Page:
• I hope that by bringing up sensitive topics, more parents, teachers and students will start questioning why things are the way they are.  With questions come other ways to view the topic, and new solutions as well.

      I’m glad you followed up on your child’s discussion with a conversation at his school.  Nothing changes until parents and teachers get involved.

      Thanks for joining the conversation; I appreciate it.

  3. Hi Nancy!
    It’s so sad to read that now schools in the USA have to implement lockdown drills as a consequence of all the school shootings. However, what what more terrible to read about what the consequence these drills have and their impact on children and the teachers too. I think it is unnecessary to even make it more realistic. 

    From my point of view, I think there isn’t a way to make these drills less traumatizing, as it reflects that it is possible that someday someone can enter there with a gun and put everyone’s lives at risk. The only solution for me is gun control. But you will also have to consider that I am not living this situation, I am not from the USA, so I don’t know exactly how everything goes. All I know is what I read from the news and posts like yours. In my country, it isn’t very easy to get a gun, you need to go through a very thorough and complicated process, so we aren’t living a situation where it is possible that someone brings a gun to school, and even more unlikely, that a kid brings a gun.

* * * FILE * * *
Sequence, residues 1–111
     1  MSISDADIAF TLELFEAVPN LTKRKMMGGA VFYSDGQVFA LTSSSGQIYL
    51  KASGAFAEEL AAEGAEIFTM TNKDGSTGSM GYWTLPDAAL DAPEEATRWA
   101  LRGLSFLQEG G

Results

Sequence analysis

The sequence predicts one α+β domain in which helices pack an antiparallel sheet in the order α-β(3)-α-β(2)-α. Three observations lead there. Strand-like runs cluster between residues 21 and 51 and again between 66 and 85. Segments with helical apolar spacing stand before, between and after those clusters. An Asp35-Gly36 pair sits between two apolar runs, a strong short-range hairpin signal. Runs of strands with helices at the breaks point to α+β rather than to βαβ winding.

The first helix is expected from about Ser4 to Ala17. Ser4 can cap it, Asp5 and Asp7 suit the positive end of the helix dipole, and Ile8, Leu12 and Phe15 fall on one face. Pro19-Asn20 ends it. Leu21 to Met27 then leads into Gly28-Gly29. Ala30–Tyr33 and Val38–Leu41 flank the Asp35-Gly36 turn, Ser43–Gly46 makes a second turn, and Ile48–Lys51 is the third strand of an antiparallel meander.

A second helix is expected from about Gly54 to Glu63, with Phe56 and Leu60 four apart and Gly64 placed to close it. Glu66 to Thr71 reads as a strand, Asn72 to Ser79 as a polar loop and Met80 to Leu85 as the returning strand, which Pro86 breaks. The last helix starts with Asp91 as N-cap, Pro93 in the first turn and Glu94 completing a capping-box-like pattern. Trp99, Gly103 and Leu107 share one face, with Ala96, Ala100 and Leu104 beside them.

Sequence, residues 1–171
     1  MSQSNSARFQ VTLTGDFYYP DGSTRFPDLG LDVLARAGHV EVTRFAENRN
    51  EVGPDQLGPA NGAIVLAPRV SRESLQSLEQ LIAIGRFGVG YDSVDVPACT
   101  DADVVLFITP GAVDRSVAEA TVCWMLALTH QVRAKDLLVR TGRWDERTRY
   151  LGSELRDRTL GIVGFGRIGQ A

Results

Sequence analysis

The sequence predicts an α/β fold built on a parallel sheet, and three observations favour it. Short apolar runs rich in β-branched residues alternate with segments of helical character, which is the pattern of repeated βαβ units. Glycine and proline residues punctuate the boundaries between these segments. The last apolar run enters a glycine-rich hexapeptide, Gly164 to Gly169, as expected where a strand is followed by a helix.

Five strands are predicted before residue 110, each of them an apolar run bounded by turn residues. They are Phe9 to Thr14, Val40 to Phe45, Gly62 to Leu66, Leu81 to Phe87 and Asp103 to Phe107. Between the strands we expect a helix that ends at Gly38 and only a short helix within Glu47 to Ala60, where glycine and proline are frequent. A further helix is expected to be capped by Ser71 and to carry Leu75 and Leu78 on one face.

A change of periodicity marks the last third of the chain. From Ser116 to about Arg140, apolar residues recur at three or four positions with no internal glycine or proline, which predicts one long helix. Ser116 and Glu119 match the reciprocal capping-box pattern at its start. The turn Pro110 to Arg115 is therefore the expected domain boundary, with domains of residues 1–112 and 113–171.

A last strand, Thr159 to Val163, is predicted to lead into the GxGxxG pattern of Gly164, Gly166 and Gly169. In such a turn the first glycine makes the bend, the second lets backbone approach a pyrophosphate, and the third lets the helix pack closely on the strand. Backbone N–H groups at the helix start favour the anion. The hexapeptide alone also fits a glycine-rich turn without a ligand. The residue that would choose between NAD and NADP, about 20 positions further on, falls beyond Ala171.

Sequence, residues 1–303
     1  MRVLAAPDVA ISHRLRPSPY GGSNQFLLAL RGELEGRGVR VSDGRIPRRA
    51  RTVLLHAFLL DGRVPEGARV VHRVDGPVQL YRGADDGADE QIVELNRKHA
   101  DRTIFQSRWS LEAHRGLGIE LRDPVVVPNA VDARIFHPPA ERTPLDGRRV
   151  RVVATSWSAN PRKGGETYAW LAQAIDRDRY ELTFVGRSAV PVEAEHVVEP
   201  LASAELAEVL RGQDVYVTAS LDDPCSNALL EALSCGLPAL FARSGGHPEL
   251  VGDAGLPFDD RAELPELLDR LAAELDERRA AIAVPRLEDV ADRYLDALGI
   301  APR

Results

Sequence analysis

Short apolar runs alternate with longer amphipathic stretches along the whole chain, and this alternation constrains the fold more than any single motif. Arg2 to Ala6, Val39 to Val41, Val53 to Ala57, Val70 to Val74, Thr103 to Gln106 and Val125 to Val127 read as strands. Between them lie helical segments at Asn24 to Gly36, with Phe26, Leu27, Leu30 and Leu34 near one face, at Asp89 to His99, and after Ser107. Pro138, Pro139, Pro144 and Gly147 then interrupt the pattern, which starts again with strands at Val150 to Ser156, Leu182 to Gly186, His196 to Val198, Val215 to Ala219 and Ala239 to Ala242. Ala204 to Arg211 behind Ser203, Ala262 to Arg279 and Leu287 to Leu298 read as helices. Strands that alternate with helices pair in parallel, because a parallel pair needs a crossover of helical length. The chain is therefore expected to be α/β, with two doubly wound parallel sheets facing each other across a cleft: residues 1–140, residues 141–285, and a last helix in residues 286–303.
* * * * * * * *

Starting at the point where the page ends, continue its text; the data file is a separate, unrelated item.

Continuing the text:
• Hi Mariana,

      It is a very sad situation.  You brought up an excellent point.  No matter what we try to do to make lockdown drills less traumatizing, kids realize that they aren’t safe.  Even if you control the guns, there are examples of people using other weapons to carry out attacks.  

      From my perspective, we need to begin discussing why and how our children came to believe this sort of behavior was an option.  Most of the attackers aren’t strangers from off the street.  They are students sitting in the classroom.  I think part of the problem will be found in the way we no “do” school.  I discuss some of the issues causing undue stress for our children here.

      Thanks for joining the conversation; I appreciate it!